“Geisha Assassin” marks the directorial debut of Go Ohara, a man with a fine pedigree in the recent wave of low budget Japanese genre cinema, having worked as action choreographer on the likes of “Death Trance” and “Chanbara Beauty”. For his first film, he has stuck to what he does best with a tale of sword slinging vengeance that offers up a kinetic mix of old school martial arts and flashy modern techniques. The gorgeous Minami Tsukui makes her debut appearance in the lead role, coming up against all manner of opponents, including sexy female ninjas, crazed monks and even murderous demons. Having originally been released back in 2008, the film now arrives on Region 2 DVD via MVM.
The plot is simplicity itself, with Tsukui as Kotono, a beautiful young woman who dresses herself as a geisha and hunts down the man who killed her father when she was a child. Handily, her father was a master swordsman who had trained her from an early age, skills which certainly come in handy as she faces down waves of enemies as she steadily cuts and slashes her way closer to her nemesis. However, once she has finally tracked him down, she discovers that he was in fact one of her father’s most talented pupils, and that he had reasons of his own for the killing.
Although “Geisha Assassin” was clearly a relatively low budget production, taking place on the same familiar sets and forest location, it certainly has a more professional sheen than many of its peers, being nicely shot and making good use of its limited resources. The acting is also somewhat less grating, with Minami Tsukui solid in the lead role, adding a touch of humanity to the usual cute, tough and prone to psychotic violence heroine figure.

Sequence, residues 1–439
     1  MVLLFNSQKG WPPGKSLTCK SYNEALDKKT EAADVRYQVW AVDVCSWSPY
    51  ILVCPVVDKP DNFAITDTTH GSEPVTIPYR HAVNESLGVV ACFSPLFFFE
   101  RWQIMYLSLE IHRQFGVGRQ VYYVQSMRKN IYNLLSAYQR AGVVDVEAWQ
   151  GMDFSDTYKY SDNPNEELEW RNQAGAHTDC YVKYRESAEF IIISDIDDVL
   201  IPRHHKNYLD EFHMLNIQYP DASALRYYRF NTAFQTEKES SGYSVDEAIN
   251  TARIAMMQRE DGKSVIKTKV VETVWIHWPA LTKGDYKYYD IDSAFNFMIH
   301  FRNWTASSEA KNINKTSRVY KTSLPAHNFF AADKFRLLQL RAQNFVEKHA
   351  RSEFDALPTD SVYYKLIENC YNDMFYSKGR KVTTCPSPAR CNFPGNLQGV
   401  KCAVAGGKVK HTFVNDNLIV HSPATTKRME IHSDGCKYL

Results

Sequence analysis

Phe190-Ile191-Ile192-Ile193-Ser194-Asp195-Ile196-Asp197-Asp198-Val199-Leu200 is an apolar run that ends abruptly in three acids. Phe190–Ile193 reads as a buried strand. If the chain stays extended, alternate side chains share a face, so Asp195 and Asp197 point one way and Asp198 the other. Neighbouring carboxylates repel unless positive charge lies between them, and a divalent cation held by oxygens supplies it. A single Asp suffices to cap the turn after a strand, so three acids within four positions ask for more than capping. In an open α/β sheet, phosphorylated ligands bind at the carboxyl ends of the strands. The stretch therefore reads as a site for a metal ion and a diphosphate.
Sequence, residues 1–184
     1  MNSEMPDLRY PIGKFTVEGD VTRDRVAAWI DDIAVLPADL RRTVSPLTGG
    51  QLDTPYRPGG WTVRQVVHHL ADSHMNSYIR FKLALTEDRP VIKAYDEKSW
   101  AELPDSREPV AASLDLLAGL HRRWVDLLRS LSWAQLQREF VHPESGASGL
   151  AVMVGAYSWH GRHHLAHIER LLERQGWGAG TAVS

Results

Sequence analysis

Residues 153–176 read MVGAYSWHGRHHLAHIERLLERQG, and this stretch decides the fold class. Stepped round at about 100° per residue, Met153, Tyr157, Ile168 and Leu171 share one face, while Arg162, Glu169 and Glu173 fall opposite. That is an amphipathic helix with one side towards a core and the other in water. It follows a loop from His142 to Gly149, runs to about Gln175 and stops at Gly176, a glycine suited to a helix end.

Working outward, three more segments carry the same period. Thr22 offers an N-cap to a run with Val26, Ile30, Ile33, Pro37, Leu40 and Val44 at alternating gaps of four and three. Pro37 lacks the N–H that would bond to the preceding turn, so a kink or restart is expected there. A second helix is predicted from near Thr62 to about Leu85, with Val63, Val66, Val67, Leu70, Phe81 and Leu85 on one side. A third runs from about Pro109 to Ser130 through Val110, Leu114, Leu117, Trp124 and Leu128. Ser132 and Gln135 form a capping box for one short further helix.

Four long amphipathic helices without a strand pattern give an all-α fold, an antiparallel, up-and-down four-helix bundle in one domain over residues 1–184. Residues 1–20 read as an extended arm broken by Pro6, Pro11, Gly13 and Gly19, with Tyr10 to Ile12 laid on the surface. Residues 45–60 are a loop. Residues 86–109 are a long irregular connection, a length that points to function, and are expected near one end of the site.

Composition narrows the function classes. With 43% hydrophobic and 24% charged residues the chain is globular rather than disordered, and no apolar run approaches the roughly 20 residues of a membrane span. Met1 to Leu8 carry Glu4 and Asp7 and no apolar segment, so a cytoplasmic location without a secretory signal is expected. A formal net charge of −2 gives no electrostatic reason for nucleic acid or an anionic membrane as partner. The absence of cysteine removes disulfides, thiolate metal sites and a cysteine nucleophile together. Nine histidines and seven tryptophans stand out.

Whilst the script itself is bare bones, the film is short, and progresses quite nicely as she moves up through the ranks of her opponents, keeping the viewer engaged to see who or what is coming next. Ohara wisely does take a fairly grounded approach, and though the film serves up some fairly eccentric characters, none are wacky enough to distract from what is essentially a focused and streamlined vengeance crusade. The flashbacks to Kotono’s training and the death of her father are brief and well placed, and though they don’t really flesh out her character a great deal, they at least help boost the film’s genre credentials.
As should be expected from a director with a background in action choreography, the film’s main draw is its fight scenes, and on this score Ohara certainly impresses. Basically revolving around its many duels, the film really is non stop martial arts madness, and makes for energetic and exciting viewing. The action is very well handled, especially by the standards of the Japanese genre of late, with Ohara mixing in wirework, CGI and more old fashioned techniques to good effect. Although the film is fairly violent, it is not particularly bloody, though this arguably works in its favour, keeping the focus on the martial arts and swordplay rather than on gore or special effects. Ninja fans will be pleased to hear that there are plenty of acrobatic black suited killers leaping around and flinging smoke bombs and this adds a further sense of old school fun to the proceedings. Physically, Minami Tsukui is convincing enough, and unlike other female stars of similarly themed productions, actually looks like she can handle herself well.
“Geisha Assassin” is definitely one of the better low budget Japanese genre productions of the last couple of years, and should certainly be enjoyed by all martial arts fans. Go Ohara proves himself a talented director as well as action choreographer, and this lively, entertaining debut shows great promise for his future career.
Gô Ohara (director) / Isao Kodaka (screenplay)
CAST: Minami Tsukui … Kotomi Yamabe
Shigeru Kanai … Katagiri Hyo-e / Samurai
Nao Nagasawa … Kumiichi / Ninja woman
Taka Ôkubo … Toji / Priest
Satoshi Hakuzen … Go-an / Monk
Shuji Korimoto … Assassin
Kaori Sakai … Ainu woman